The Medtronic OpenVentilator plans were originally completed in the mid-2000s, and since then, many of the components that were once cutting edge and common are now obsolete or in short supply. When the shortage of ventilators became known, engineers turned to open-source projects to update, translate and recalibrate plans so that ventilators could be more rapidly prototyped, tested and approved by the FDA — then installed in hospitals around the world.
More than 50 engineers are attacking the hundreds of various components and updating them based on current requirements around the power supply, inputs, and other necessary amendments.
It is an extremely complex undertaking, and we are honored and humbled by the work of our teammates who joined this initiative. Our engineers have provided critical project management and collaboration experience, facilitating collaboration within a rapidly expanding team and ensuring that work is not being duplicated. They are also identifying missing or obsolete components in a bill of materials consisting of six circuit boards and over 500 components, documenting changes, modernizing outdated design files and reconstituting the firmware that runs on the electronics. Their goal is to use as many parts as possible from the original schematics because each change has to be properly documented for the FDA’s re-approval process.
DJ: How is the imperative for speed counterbalanced with the need for accuracy when producing ventilators?
Prosser:Accuracy is non-negotiable. While everyone participating in this project is fueled by the desire to help people as soon as possible, the work is only impactful if it is irreproachable. The Very team is familiar with implementing processes for distributed technical teams while ensuring that every update is tracked against the necessary safety requirements and protocols.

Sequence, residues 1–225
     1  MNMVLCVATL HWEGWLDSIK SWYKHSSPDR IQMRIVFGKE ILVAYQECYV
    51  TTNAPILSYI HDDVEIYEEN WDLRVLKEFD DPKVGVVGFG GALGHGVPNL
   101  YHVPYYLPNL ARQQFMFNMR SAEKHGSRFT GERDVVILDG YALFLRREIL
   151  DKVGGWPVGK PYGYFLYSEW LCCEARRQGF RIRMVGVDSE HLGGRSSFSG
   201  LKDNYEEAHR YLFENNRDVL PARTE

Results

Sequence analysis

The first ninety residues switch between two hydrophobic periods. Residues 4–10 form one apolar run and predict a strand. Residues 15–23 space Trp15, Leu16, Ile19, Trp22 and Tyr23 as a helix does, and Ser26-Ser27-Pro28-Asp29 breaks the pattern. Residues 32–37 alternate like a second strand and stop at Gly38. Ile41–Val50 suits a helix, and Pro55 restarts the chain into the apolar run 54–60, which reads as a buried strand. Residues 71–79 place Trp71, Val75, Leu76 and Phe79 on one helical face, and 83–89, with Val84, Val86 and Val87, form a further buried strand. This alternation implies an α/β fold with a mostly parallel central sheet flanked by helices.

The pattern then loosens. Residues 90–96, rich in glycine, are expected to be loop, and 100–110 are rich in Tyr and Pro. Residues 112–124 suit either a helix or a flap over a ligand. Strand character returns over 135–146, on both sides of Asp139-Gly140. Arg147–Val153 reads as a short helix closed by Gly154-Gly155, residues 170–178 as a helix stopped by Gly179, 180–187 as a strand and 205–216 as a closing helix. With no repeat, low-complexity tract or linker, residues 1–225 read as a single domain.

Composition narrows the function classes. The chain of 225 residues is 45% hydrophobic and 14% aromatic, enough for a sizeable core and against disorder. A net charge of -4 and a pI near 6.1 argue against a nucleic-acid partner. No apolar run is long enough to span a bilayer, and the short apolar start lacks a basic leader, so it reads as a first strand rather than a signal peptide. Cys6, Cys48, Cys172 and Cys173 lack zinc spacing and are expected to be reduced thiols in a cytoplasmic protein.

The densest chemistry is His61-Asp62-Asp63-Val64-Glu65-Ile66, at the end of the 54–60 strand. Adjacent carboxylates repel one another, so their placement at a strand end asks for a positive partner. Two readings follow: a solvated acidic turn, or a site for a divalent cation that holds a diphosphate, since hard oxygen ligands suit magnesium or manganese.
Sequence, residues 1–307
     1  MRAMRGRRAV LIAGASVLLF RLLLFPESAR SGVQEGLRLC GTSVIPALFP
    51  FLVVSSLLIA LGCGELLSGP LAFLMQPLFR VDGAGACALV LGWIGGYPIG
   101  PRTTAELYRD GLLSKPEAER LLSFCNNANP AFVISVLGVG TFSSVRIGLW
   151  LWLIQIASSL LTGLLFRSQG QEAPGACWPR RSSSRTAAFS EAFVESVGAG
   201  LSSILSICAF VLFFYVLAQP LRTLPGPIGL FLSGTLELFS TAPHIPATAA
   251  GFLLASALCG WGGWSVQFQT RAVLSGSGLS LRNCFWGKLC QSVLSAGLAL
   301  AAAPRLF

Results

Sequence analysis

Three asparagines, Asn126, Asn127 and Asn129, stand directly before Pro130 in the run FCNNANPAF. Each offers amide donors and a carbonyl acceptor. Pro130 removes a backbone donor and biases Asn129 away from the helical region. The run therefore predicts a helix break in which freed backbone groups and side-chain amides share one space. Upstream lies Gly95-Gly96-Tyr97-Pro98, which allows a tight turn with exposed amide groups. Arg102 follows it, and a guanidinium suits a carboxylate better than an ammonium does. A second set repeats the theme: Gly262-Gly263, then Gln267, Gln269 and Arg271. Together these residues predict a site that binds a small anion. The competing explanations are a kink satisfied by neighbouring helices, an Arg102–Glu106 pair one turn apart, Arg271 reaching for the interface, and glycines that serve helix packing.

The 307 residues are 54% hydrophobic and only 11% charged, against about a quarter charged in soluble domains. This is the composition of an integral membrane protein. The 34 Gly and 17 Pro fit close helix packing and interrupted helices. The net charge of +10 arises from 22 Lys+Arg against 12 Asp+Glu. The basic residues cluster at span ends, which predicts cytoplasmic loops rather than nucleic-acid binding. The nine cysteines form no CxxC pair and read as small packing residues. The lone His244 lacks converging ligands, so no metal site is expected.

Our engineers are able to use a percentage of their company hours to work on this project, in addition to their free time. Very's experience in managing projects remotely and across asynchronous timelines is helping the project to be efficient.
When timelines start to feel overwhelming as COVID-19 cases continue to skyrocket, we have to remember that healthcare challenges and shortages are happening at different velocities worldwide.. In Latin America, for example, the curves of infection are only just beginning, so there will soon be a need for ventilators there. Additionally, the ventilators currently being distributed are going to be used heavily and will soon need to be replaced. Even if only 1,000 ventilators are produced from this program, it would be a success.
DJ: What progress has the Very team made so far?
Prosser:Our experience at Very has provided invaluable expertise in managing IoT projects with a completely distributed team. This knowledge was directly applicable to implementing processes to the Medtronic OpenVentilator project. Additionally, we have contributed updates to portions of several of the schematics, and we are currently working on standardizing all parts used within the designs. Lastly, we have taken the lead on the evaluation and reconstitution of the firmware.
From a hardware standpoint, the electronics are about 60% of the way done at this point. From the firmware side, we're now less than 50% of the way to completion.
IoT design and development can be challenging, and doing this 100% remotely can provide another different suite of challenges. However, our experience of working completely virtually for almost two years has put us in the best position possible to help where we can in tackling the pandemic.
More about internet of things, Covid19, Internet, Engineering